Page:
Accuracy in Media


CNN took to not only politicizing the recent school shooting in Colorado but doing so with a melodramatic new gimmick.

Brooke Baldwin simply emoted into the camera as images flashed behind her on a screen.

First, you see Baldwin at her desk at CNN. Then, you see the inside of a classroom where students are discussing the incident. “I’m afraid that one day I’ll go to school and I’ll never come out,” one grieving student sobs. “What actions will you take to protect people like me and my classmates from this happening?”

Then we see Baldwin again, hands folded in her lap, glaring angrily at the camera. A screen beside her reads: “35 U.S. School Shootings Since the Fall.” Then “336 school shootings since 2008.” Then “373,663 killed by gun violence from 2007-2017.” Then, “If words aren’t changing anything … what about these images?”

We then see crowds of parents at the school, some talking on cell phones. Soon, it reads on the screen: “Parents waiting to hear their child’s name called … “Or not,” read the next screen.

Then, we see an image of a first responder with a crying boy too young to have been in the school where the attack took place. Then, an image of buses and school officials, with kids walking toward them with their hands above their hands.

“Children with their hands up,” reads the message. “ … At school.”

Then, we see a frame of kids on a sidewalk with teachers and school officials checking them and their hands still on their heads. “Or clenched … to pray,” the screen reads.

The shot then returns to Baldwin sitting at her desk, her hands unmoved, her gaze still fixed on the camera. The screen behind her reads, “If this isn’t a crisis now … … when will it be?”

Then another frame says, “Enough.”

Then the scene returns to the school, where a mom is saying, “It’s the worst phone call or text message that you could ever get.” Then, there is a mom with her daughter talking to a dad with his daughter. The mom recounts that her daughter called and said, “Mom, I love you.” And she responded, “What’s going on?” And the daughter had told her, “This … it’s not a drill. It’s real lockdown, Mom. There’s a shooting.”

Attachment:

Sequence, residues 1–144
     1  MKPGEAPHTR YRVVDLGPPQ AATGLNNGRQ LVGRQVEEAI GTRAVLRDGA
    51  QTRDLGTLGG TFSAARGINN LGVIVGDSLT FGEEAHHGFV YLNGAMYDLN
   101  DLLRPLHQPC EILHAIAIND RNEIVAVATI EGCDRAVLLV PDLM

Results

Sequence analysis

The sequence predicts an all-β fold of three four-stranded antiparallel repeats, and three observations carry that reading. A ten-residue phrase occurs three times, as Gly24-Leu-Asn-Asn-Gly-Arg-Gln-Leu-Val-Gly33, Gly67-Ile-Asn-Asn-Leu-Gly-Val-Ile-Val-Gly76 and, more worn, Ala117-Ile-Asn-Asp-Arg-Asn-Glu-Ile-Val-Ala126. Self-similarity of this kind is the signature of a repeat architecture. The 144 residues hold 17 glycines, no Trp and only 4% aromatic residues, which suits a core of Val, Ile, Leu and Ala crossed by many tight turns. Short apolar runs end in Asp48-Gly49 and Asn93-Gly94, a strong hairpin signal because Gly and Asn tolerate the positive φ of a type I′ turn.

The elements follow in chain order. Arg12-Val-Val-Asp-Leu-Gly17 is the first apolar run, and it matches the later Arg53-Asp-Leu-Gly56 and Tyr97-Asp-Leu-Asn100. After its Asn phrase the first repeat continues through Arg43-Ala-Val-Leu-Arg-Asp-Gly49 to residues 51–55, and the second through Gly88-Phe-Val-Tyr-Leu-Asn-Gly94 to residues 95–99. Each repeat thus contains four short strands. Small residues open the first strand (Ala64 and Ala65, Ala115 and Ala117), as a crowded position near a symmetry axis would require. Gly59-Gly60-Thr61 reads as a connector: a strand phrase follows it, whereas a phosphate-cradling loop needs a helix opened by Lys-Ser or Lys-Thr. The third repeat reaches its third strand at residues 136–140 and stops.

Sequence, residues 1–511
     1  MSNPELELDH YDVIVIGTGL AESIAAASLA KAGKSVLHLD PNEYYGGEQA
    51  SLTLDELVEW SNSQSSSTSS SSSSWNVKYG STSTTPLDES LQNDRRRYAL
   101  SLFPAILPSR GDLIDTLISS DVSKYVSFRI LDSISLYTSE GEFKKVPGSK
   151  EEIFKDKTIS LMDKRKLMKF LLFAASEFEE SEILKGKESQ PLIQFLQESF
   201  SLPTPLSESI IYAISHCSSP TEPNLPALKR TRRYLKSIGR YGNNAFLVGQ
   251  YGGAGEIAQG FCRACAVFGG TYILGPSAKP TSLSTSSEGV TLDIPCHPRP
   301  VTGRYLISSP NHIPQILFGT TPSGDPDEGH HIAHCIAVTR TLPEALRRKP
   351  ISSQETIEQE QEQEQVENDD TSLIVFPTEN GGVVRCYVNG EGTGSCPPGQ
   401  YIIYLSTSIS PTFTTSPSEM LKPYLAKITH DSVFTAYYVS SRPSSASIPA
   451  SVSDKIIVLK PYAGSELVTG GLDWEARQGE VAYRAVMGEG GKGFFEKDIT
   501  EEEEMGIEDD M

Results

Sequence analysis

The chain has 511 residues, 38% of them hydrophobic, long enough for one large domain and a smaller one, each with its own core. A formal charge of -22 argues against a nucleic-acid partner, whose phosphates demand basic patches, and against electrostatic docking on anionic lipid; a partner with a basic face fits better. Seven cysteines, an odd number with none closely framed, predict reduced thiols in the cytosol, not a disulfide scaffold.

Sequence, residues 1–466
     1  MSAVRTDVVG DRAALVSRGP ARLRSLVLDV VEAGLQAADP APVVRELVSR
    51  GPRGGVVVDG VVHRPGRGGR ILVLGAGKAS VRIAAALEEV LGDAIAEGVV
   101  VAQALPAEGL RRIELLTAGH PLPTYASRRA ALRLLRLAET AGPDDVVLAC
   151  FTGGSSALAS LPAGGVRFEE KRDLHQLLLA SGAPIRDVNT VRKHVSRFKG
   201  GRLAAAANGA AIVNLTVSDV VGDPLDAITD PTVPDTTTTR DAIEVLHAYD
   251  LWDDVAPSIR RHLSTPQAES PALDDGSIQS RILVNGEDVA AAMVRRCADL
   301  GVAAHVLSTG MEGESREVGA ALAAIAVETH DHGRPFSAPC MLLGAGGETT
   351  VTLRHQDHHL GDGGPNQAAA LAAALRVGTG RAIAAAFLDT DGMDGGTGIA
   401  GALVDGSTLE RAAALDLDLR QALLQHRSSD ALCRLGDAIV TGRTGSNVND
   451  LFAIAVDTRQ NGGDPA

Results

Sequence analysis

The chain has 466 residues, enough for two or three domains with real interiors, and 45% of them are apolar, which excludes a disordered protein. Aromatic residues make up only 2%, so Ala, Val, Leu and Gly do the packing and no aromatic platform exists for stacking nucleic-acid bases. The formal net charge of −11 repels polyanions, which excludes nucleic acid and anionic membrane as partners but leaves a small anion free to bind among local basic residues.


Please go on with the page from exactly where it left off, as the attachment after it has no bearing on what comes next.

Then, a boy is shown. “Not knowing if we would make it out,” he says, trembling.

Then, another woman is shown being interviewed. “After everything that happened at Columbine,” she says crying and upset. “And all the suffering that’s happened. And now it’s happening to us. You never think that this would be the reality.”

Then we see a father find his son in the crowd and embrace.

Finally, the camera returns to Baldwin, who pauses for another moment of dramatic effect, then says, “Those voices … those images … are from Highlands Ranch, Colo., where … “ She lets out a deep and affected sigh and closes her eyes, then regains her footing and says, “where authorities are investigating a school shooting. One student was killed. Eight others were injured. It happened at the STEM School-Highlands Ranch … it’s a public charter school. It’s in a suburb. It is … seven miles from Columbine High School.”

It then flashes to the local sheriff who says he has the suspects in custody … one of whom they thought was a male but have since learned is a female. He updates the medical condition of the students.

Perhaps it is time for such desperate measures at CNN. Ratings for its prime-time lineup in April were 26 percent lower than in April 2018 with a total prime time audience of 767,000. By comparison, MSNBC drew 1.66 million and Fox drew 2.395 million.

It was CNN’s worst month for total viewers in nearly four years and the worst month ever for CNN’s Cuomo Primetime.

 




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